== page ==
Australians warned against surge in snakes and spiders | News | DW | 17.12.2021

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Australians warned against surge in snakes and spiders

A weather phenomenon in the Pacific means people in New South Wales are being plagued by snakes. The ambulance service is warning people to watch out.

An eastern brown snake looking mildly perturbed

If you're bitten by a snake, call an ambulance, apply pressure with a bandage and lie down

The residents of the Australian state of New South Wales have been warned about a surge in snakes and spiders, thanks to weather patterns.

The La Nina weather phenomenon will create conditions for more encounters with snakes and spiders, leading to more bites and medical emergencies, according to the state's ambulance service.

"As we head into summer, NSW residents have been warned to look out for snakes and spiders as there has been an increase in bites across the state," St. John Ambulance NSW said on Friday.

"Australia has some of the most venomous snakes and spiders in the world. Time is critical when it comes to venomous bites, and they should be treated as a medical emergency," the head of the first aid service, Sarah Lance, was quoted as saying by various Australian media outlets.

New South Wales residents are the most likely in Australia to be bitten by snakes and spiders, according to official statistics. The creatures that pose the greatest threat are funnel-web spiders and the eastern brown snake.

A Sydney funnel-web spider.

Funnel-web spiders have powerful fangs capable of penetrating fingernails or soft shoes

On Thursday, the health minister of the neighboring state of Queensland was interrupted during a press conference by a huntsman spider scuttling on her foot. Huntsman spiders are harmless, but can grow to 12 centimeters (5 inches).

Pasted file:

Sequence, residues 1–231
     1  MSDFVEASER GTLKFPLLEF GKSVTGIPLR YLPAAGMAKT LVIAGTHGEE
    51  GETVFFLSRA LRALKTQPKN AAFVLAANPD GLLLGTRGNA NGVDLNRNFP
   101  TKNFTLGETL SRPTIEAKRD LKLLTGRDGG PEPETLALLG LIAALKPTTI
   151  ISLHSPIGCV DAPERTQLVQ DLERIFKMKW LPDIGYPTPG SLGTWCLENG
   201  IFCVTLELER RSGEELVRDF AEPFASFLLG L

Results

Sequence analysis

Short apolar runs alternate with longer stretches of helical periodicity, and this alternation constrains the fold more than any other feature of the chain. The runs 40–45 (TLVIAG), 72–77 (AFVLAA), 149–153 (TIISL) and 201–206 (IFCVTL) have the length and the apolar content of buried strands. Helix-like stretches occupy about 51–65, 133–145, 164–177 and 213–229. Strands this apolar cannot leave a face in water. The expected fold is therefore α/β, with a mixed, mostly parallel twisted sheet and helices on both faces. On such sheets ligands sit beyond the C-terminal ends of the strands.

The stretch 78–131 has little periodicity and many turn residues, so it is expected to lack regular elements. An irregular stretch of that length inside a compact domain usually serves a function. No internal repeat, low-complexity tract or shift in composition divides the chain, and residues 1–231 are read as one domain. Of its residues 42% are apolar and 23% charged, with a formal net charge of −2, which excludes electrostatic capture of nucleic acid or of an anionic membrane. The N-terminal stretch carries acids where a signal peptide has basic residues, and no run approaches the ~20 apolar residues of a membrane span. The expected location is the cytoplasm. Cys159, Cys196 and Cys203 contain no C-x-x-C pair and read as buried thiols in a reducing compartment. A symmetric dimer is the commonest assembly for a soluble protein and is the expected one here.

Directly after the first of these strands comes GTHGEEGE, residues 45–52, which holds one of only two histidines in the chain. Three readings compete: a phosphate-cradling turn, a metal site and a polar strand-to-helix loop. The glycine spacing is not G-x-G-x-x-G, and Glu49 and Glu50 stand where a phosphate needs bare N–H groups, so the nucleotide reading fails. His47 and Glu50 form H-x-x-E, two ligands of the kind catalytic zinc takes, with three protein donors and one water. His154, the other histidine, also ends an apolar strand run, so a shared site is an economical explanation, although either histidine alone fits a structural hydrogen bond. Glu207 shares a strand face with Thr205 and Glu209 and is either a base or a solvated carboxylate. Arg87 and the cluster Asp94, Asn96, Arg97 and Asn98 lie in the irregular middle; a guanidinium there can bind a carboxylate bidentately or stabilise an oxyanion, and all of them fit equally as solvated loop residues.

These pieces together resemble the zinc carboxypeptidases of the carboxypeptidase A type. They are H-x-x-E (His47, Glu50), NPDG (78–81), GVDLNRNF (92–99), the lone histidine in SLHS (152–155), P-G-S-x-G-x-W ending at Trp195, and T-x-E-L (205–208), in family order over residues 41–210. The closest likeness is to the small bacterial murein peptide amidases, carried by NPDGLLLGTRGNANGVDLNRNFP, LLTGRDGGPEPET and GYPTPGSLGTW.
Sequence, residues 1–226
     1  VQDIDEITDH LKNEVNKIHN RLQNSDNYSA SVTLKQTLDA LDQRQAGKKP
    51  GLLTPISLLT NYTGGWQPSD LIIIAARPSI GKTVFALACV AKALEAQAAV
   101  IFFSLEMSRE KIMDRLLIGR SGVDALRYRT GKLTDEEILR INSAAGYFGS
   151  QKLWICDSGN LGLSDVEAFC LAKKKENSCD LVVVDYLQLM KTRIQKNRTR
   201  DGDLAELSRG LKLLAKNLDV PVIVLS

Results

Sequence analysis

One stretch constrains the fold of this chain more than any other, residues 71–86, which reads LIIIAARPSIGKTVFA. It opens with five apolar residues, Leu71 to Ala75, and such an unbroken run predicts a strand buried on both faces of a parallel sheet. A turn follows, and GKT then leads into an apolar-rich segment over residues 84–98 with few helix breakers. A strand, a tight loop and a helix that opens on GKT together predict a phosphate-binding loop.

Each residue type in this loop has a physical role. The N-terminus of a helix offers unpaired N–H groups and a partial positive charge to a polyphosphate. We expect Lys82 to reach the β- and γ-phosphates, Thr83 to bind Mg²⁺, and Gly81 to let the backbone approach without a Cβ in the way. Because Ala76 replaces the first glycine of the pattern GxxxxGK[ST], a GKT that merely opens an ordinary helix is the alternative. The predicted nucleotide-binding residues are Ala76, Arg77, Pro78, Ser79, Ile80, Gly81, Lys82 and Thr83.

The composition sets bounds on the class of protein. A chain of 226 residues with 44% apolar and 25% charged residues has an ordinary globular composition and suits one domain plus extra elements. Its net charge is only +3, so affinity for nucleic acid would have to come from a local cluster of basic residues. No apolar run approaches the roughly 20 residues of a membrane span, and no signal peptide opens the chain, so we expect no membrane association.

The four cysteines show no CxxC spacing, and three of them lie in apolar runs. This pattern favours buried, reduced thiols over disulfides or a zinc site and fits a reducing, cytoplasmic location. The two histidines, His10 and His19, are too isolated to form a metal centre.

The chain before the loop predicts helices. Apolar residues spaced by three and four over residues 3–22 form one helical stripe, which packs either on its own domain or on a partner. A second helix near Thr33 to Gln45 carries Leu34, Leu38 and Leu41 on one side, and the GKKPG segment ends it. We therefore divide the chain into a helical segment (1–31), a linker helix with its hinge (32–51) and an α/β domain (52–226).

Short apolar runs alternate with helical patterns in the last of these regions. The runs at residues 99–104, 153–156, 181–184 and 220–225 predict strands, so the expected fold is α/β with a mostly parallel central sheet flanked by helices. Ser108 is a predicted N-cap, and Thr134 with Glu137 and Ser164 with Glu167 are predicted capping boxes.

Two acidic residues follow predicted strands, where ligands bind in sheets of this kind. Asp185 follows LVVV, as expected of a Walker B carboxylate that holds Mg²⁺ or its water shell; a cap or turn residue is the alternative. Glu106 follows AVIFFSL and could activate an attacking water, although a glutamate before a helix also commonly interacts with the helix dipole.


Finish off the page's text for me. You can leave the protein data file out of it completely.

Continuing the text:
Earlier in December, health authorities already reported an increase in snake bites, but said there was plenty of antivenom to treat the bites, which remain a rare occurrence.

What is La Nina?

In November, meteorologists declared a La Nina event in the Pacific for the second consecutive year. La Nina describes an unusually high air pressure difference between South America and Indonesia, resulting in warm surface water moving to Southeast Asia and colder water flowing higher from the depths.

This leads to increased atmospheric circulation with colder air, affecting precipitation. La Nina is the counterpart of El Nino, which has the opposite effect.

According to the World Meteorological Organization (WMO), the cooling phenomenon will only last until the beginning of 2022, but will be milder than 2021.

For Australia, it generally leads to greater rainfall, more tropical cyclones and cooler temperatures. 

Australian scientists said November was the wettest in 122 years of records and among the coolest, due to La Nina. The continent has suffered through increasingly extreme droughts, bushfires and floods, all worsened by climate change. Despite this, Australia has taken a particularly resistant approach to reducing emissions.

The WMO said that even with La Nina, average temperatures are above the long-term average in many parts of the world, thanks to the record amount of greenhouse gases in the atmosphere.

It has forecast a milder winter for most parts of Europe. Northeast Asia, the Arctic, and the eastern part of North America are expected to be warmer, while northeastearn North America, Australia, Southeast Asia and the Indian subcontinent are expected
to be cooler than usual. 

The cooling effect of La Nina means that instead of being the absolute hottest year on record, 2021 will just be one of the top 10 hottest years. 

aw/msh (dpa, AFP, Reuters, AP)

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